As the quietly passive title character of writer-directors Brian M. Cassidy and Melanie Shatzky's Francine, an ex-con (whose crime goes unstated) struggling through menial jobs and bottled-up desires in the rural Hudson Valley of upstate New York, Melissa Leo mostly keeps still and watchful. Not entirely bereft of initiative or the will to relate to people, she gently guides a co-worker at the local one-stop store in efficiently thawing shrimp, and in a hopeful feint at communal affinity drifts into a lawn party of teens moshing to a punk band, briefly whipping her hair around to the thrash before just as suddenly leaving in a wide-angle retreat. Francine forms brief relationships, from a satisfying bathroom quickie with a polo fan during a cocktail-server gig, to falling into bed with a club-going female neighbor (Victoria Charkut), then with a recovering alcoholic stablehand (Keith Leonard) who's clearly smitten with her. But this woman's undoing is her all-consuming and unbalanced passion for animals, from the dogs and cats she collects in her spartan home to those she ultimately tends to as a veterinary assistant.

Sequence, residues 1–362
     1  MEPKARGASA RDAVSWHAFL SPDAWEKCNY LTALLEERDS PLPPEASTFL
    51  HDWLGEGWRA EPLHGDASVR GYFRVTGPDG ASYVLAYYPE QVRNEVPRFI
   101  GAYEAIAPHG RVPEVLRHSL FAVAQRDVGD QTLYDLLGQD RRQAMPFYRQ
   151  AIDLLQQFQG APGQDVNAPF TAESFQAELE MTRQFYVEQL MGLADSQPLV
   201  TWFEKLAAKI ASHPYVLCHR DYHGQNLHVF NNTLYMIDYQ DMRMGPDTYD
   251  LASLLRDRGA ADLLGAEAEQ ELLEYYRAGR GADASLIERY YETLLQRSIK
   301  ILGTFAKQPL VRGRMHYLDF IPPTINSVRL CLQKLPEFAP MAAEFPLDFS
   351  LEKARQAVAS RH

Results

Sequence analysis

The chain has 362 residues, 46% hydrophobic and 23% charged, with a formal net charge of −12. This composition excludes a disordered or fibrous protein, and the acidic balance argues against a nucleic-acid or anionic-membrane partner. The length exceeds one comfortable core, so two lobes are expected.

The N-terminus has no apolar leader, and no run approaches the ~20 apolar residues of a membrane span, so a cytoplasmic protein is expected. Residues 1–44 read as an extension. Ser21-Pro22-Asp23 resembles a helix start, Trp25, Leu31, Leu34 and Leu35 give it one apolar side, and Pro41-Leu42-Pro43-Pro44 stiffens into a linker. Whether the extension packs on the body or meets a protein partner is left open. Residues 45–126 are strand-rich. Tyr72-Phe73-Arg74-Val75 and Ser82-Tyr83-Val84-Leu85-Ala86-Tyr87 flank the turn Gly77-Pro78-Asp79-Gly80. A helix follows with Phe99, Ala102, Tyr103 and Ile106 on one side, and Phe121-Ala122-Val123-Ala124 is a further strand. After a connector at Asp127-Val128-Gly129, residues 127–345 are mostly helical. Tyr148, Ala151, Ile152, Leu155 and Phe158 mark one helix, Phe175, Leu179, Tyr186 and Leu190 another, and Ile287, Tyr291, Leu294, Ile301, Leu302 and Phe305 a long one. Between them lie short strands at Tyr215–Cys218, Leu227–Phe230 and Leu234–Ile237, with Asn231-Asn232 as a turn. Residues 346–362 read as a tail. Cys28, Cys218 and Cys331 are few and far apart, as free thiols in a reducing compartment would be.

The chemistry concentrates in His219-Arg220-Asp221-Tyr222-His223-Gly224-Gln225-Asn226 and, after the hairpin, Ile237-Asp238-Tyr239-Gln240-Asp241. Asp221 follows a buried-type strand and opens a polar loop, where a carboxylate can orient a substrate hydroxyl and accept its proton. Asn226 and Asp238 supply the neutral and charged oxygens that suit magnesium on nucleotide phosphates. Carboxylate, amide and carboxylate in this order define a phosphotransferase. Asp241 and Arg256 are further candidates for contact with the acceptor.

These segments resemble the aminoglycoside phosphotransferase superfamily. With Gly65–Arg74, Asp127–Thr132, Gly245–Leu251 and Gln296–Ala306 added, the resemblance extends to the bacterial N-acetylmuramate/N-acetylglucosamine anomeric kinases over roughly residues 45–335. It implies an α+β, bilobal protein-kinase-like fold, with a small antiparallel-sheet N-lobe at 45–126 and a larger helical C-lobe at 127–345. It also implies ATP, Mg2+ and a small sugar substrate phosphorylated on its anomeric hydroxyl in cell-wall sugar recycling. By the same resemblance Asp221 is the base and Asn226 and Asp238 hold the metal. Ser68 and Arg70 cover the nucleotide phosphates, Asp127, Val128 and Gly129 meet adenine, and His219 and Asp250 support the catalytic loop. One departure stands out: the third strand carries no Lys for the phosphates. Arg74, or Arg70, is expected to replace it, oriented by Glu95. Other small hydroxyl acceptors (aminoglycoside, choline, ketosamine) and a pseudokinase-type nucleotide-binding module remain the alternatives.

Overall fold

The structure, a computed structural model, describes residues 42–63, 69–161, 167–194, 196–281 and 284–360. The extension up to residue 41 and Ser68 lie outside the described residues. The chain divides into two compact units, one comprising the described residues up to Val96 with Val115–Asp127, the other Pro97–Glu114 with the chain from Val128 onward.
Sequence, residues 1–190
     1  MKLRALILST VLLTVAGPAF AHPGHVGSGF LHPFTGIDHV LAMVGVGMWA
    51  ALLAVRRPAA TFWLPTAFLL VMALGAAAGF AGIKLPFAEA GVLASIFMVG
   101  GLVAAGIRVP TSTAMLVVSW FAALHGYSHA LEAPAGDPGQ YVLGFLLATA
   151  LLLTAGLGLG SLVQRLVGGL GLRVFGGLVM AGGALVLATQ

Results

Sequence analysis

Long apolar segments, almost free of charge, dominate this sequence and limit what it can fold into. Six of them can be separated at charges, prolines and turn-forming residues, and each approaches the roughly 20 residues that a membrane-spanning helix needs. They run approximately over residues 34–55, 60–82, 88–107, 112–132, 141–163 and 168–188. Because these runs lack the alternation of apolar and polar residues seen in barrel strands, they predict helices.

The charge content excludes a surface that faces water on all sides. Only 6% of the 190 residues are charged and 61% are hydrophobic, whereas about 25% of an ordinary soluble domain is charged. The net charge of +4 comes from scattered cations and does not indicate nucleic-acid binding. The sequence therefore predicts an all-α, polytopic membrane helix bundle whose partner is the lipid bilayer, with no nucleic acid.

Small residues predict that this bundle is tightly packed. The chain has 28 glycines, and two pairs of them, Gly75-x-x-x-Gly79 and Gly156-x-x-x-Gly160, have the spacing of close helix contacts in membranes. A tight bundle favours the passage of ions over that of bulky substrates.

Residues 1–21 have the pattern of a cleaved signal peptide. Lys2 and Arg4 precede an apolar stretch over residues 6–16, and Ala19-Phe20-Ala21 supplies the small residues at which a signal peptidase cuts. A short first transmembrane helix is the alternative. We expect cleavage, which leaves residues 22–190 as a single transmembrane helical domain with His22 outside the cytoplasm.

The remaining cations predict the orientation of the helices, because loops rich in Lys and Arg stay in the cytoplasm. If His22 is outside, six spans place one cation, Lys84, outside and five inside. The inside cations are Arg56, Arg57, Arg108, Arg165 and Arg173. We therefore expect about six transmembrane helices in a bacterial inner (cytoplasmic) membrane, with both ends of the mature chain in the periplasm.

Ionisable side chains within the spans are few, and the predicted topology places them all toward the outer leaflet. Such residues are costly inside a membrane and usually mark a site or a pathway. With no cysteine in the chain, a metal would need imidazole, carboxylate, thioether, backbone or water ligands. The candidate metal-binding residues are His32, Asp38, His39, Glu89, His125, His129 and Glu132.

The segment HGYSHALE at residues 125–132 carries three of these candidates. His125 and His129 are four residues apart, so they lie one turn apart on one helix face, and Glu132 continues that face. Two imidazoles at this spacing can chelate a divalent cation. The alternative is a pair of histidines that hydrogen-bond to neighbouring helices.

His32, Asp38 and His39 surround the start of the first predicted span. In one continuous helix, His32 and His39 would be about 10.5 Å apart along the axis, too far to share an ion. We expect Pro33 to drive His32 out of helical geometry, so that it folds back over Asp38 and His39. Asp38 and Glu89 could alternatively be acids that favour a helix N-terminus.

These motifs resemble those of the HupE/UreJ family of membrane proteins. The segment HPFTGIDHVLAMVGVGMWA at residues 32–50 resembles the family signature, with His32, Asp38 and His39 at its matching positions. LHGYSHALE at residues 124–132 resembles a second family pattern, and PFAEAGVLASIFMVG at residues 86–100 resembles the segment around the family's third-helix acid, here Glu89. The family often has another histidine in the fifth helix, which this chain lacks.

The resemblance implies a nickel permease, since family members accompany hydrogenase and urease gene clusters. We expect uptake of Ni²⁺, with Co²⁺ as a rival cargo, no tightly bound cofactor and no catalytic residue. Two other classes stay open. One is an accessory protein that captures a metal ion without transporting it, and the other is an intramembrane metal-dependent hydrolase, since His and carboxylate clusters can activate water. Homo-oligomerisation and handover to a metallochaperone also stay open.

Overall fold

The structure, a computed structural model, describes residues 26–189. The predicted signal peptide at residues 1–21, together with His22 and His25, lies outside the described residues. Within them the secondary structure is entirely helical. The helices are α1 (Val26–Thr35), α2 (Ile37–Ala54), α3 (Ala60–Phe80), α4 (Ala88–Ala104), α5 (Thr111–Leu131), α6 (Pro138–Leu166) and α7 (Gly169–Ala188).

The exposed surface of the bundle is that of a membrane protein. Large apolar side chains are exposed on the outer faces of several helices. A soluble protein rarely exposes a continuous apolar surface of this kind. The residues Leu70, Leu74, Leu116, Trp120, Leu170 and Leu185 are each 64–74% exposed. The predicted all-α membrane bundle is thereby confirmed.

Cassidy and Shatzky at first seem to view Francine's over-filled heart with pathos, tripping up only when they cut from a guinea pig pawing at a plastic cage to their protagonist sealed in her commuter bus, but as Leo portrays her critter attachments with growing intensity, from sobbing as she gives a mouse a solemn funeral to tenderly clutching a dog as it's euthanized, her empathy clearly emerges as a sort of mania. The filmmakers' intentions are serious and their oblique approach to narrative is encouragingly ambitious, but Francine ultimately suffers from keeping its anti-heroine's stunted emotional capacities at arm's length. (When a lake outing with her horse-tending swain is derailed by Francine's firm rejection of his lunging advances, it's seen in long shot from the shore, and the choice seems as unproductive and misguided as the couple's crossed wires.) Bringing their character study full circle when an overreaction to an isolated animal tips Francine's obsession into an agitated meltdown with lasting consequences, Cassidy and Shatzky surrender the observational detail of the film's early scenes for a more deterministic, distanced pity that fails to fully mine the fearless elements of Leo's performance.